December 10, 2019

Washington Wizards follow familiar script, blow second half double-digit lead to Detroit

by Ben Standig, Special to District Sports Page

Have you heard the one about the Washington Wizards twice on their home court sporting a double-digit lead in the second half only to fall behind in the closing seconds and lose? Well, if you re-tell the tale, make sure to upgrade the scenario to a three-peat.

Despite a 13-point cushion in the third quarter and a 12-point advantage in the fourth, the Wizards once again failed to close out an opponent. Yet unlike the previous home setbacks, which came versus potential playoff squads Indiana and Atlanta, the latest setback came against a Detroit Pistons also struggling mightily for wins. Well, they were anyway.

The Pistons roared back and took a lead with less than a minute remaining. After Nene’s short hook shot tied the game with 5.8 seconds left to play, Rodney Stuckey’s long jump shot with 0.2 seconds remaining propelled the Pistons to a 79-77 win over the Wizards on Monday night.

“It’s mental. It’s mental for sure. You think about it all the time,” said Jordan Crawford, who led the Wizards with 20 points. “We’re playing to not lose and that’s why we’re not winning. It’s frustrating. We got to play to win the game.”

The Wizards lost for the third time in three days and overall sport a four-game losing streak. The Pistons, led by Stuckey’s 24 points, snapped a five-game losing skid.

Crawford’s jumper with 8:49 remaining gave the locals a 67-55 lead, but the Pistons quickly countered with a 12-1 run in less than five minutes.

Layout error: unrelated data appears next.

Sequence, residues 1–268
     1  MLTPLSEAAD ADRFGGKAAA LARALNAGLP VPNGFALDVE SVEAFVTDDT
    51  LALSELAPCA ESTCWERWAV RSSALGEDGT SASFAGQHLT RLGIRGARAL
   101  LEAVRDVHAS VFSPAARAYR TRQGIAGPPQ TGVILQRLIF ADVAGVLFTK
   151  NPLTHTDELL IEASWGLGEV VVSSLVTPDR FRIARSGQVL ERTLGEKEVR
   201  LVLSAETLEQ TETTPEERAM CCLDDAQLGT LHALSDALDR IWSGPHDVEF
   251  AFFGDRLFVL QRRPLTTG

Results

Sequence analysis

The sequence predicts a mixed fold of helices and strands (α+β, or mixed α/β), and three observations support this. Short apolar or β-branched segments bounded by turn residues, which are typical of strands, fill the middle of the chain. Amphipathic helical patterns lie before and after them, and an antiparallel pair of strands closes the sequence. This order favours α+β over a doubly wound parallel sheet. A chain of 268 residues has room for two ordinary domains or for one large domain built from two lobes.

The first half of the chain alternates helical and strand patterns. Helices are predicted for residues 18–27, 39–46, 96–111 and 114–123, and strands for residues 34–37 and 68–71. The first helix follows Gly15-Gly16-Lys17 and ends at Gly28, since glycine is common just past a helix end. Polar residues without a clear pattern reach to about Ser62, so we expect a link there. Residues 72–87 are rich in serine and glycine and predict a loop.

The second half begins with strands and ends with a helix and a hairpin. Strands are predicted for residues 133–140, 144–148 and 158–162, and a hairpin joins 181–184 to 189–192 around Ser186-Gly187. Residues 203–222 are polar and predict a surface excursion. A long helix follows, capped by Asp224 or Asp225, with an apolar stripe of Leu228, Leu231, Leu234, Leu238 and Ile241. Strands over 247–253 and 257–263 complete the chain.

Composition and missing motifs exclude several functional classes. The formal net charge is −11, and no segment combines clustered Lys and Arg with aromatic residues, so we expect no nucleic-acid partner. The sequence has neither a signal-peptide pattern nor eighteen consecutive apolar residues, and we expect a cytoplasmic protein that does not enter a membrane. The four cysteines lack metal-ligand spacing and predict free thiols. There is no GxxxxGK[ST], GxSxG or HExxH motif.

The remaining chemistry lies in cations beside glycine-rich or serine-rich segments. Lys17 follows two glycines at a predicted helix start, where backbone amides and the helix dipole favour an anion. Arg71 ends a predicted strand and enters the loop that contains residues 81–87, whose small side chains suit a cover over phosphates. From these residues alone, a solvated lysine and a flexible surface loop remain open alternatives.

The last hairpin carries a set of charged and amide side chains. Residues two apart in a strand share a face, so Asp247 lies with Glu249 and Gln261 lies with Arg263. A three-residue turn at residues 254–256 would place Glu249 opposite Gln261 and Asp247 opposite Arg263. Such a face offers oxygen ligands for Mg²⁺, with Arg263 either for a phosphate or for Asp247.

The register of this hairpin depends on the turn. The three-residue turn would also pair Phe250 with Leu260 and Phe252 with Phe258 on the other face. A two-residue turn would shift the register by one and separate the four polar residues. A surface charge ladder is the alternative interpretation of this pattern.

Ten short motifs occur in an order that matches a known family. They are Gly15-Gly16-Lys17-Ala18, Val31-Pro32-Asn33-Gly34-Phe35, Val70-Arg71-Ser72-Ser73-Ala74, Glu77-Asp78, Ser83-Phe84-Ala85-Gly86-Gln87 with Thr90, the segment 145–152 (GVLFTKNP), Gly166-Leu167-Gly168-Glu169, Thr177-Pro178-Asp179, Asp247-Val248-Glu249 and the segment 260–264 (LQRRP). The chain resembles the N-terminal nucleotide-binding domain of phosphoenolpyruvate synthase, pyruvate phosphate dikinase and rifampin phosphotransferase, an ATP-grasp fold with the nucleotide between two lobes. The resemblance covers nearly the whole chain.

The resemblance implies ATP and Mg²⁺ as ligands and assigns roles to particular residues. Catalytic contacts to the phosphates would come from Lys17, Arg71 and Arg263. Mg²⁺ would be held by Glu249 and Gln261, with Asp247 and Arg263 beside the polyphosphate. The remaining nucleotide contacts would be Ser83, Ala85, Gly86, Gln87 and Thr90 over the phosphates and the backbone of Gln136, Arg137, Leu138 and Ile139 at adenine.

The Wizards maintained the lead until the final minute – just as they did against the Pacers and Hawks – when they left Stuckey alone at the top of the 3-point arc. The Pistons leading scorer buried the open shot and the Wizards suddenly trailed for the first time in the second half, 74-73.

The lead changed sides twice, but John Wall missed a baseline lay-up after taking a handoff from Nene on the low block. Ben Wallace grabbed the rebound and made one of two free throws, putting the Pistons up 77-75 with 10.5 seconds remaining and the Wizards called timeout. The Wizards then fed Nene, who returned to the lineup after sitting out Sunday’ loss at Boston with back spasms, and the veteran center dropped in the tying basket.

The Pistons passed on the timeout and inbounded to Stuckey, who maneuvered past Crawford and Roger Mason before sticking the pull-up jumper.

Wizards coach Randy Wittman had seen this scenario before. Oh yes, he was all too familiar with it – and none too happy.

“It was a carbon copy of the last two (home) games,” Wittman said “We have to get to the point where we get a lead and we don’t play just to play. We have to put games away in the second half, especially in the fourth quarter. We haven’t learned that yet. This is three straight times so we have to really tighten the screws and buckle down to get wins. It’s frustrating and it hurts our guys, but it is a learning experience.”

*John Wall finished with 14 points and nine assists, but shot 6-of-17 from the field and missed seven of nine shots in the second half including all three attempts in the fourth quarter. Over his last five games – which coincide with the recent blockbuster trade – the Wizards point guard is shooting 30.8 percent (21-of-68) from the field.

*Kevin Seraphin, starting in place of Trevor Booker (right knee tendinitis, plantar fasciitis) sank 6-of-9 shots and finished with 12 points and five rebounds. Nene scored six of his eight points in the fourth quarter and grabbed nine rebounds.

*Stuckey scored 12 of his 24 points in the fourth quarter. Plagued by foul trouble, former Georgetown Hoyas star and Pistons starting center Greg Monroe took only four shots in 24 minutes, but still posted a double-double with 10 points and 10 rebounds. Tayshaun Prince added 18 points.

*The Pistons finished with a 49-40 rebounding edge, a 15-8 margin on the offensive glass which led to a decisive 23-5 advantage in second chance points.

*Olympic swimming hero and Baltimore native Michael Phelps sat courtside, two seats over from Wizards owner Ted Leonsis.

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